If stimulus worked, then why isn't it? The US has $1 trillion deficits for four years in a row. If that's not stimulus, what is? Since it isn't working, the next question is how are we going to pay for it?
The United States has now spent $1 trillion more than it's taken in for four straight years.
The Treasury Department confirmed Friday what was widely expected: The deficit for the just-ended 2012 budget year — the gap between the government's tax revenue and its spending — totaled $1.1 trillion. Put simply, that's how much the government had to borrow.
It wasn't quite as ugly as last year.
Tax revenue rose 6.4 percent from 2011 to $2.45 trillion. And spending fell 1.7 percent to $3.5 trillion. As a result, the deficit shrank 16 percent, or $207 billion.
When Obama took office in January 2009, the Congressional Budget Office forecast that the deficit that year would total $1.2 trillion. It ended up at a record $1.41 trillion.
Debt piles up, year after year. It's reached $11.3 trillion — $16.2 trillion if you include money the government has borrowed from itself, mostly revenue from Social Security.
Unless something changes, the Congressional Budget Office warns, the federal debt would reach a level that is "unsustainable from both a budgetary and an economic perspective."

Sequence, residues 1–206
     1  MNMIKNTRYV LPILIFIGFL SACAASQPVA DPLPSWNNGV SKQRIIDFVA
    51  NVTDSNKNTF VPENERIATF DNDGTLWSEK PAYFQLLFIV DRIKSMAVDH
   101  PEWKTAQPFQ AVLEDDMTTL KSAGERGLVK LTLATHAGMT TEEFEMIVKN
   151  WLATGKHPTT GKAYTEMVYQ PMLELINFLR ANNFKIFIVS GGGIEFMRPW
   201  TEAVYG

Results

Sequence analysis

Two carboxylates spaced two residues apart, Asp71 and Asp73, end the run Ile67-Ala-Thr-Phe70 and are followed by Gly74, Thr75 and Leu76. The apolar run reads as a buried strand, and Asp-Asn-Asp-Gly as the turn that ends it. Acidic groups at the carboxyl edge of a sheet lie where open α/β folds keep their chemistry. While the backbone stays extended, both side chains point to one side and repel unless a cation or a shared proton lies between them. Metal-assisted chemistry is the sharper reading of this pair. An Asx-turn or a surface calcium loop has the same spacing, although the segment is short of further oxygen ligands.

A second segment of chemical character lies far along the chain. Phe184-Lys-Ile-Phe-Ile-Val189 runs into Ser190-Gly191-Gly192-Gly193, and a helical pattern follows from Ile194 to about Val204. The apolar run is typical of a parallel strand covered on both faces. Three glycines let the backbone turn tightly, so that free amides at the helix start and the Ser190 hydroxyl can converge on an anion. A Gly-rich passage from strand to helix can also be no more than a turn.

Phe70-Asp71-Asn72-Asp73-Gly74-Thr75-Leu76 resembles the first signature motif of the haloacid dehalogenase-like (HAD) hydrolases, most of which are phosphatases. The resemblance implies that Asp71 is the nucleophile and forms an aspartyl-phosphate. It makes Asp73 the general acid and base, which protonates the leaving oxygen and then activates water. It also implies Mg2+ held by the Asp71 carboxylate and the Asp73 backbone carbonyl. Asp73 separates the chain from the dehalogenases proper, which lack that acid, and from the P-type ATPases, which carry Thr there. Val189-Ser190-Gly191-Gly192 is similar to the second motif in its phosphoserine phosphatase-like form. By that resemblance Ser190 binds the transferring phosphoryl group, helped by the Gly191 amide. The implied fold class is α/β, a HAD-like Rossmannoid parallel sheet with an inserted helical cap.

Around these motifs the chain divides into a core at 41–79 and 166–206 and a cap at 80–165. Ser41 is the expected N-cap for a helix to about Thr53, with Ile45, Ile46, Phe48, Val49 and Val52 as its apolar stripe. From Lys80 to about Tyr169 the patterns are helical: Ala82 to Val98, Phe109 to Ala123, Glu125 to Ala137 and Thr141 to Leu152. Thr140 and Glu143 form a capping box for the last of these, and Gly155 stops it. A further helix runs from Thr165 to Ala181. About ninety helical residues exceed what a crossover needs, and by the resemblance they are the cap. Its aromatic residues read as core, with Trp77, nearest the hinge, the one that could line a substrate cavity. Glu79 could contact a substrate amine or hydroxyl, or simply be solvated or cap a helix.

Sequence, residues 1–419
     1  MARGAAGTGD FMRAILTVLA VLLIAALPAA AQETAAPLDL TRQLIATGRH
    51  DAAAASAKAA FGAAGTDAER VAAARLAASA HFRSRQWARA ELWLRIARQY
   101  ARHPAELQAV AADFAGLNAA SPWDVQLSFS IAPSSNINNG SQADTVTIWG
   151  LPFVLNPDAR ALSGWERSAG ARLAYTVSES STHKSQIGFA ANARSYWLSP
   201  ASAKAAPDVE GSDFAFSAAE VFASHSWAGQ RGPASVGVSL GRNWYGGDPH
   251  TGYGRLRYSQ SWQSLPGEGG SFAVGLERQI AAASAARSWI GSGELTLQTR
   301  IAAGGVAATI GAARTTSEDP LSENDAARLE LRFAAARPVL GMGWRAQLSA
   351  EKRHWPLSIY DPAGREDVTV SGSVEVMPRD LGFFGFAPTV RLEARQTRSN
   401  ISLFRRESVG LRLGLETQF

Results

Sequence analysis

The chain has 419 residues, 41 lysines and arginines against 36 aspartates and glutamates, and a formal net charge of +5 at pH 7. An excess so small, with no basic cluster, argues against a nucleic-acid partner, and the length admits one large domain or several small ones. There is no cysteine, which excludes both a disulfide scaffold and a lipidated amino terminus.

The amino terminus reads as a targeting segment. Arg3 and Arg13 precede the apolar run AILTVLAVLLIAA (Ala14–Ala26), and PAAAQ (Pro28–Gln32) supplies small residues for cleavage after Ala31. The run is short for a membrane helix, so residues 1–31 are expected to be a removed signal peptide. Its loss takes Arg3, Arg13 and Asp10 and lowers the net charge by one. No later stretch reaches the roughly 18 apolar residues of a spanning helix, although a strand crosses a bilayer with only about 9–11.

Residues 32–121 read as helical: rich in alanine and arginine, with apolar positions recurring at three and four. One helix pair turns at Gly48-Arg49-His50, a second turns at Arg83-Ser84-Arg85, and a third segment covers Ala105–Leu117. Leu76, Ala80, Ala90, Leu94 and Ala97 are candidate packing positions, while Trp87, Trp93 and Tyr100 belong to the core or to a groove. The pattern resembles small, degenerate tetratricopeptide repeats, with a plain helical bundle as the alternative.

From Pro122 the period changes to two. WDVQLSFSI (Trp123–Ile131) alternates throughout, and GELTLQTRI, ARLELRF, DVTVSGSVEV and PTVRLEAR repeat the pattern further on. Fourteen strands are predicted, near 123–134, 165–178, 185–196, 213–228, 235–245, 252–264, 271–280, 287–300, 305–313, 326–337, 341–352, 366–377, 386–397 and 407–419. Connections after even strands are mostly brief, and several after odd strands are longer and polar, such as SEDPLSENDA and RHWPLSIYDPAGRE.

Over time, big government debts can damage the economy. The economists Kenneth Rogoff of Harvard University and Carmen Reinhart of the Peterson Institute for International Economics have found that growth tends to slow sharply once national government debt reaches 90 percent of GDP.
Welcome to Slow Growth
Welcome to slow growth for as far as the eye can see. Unfavorable demographics coupled with a mountain of debt seals the fate.
Ironically, Keynesian clowns are begging for stimulus, as if we don't have it already. But no! $1 trillion in deficit spending is not enough for them. They want to spend still more as if they can overcome demographics, debt deflation, interest on the national debt, and the simple fact that the government can never spend money wisely.
Want proof? The $16 trillion in debt speaks for itself. What do we have to show for that debt other than an enormously well off 1% vs. everyone else?
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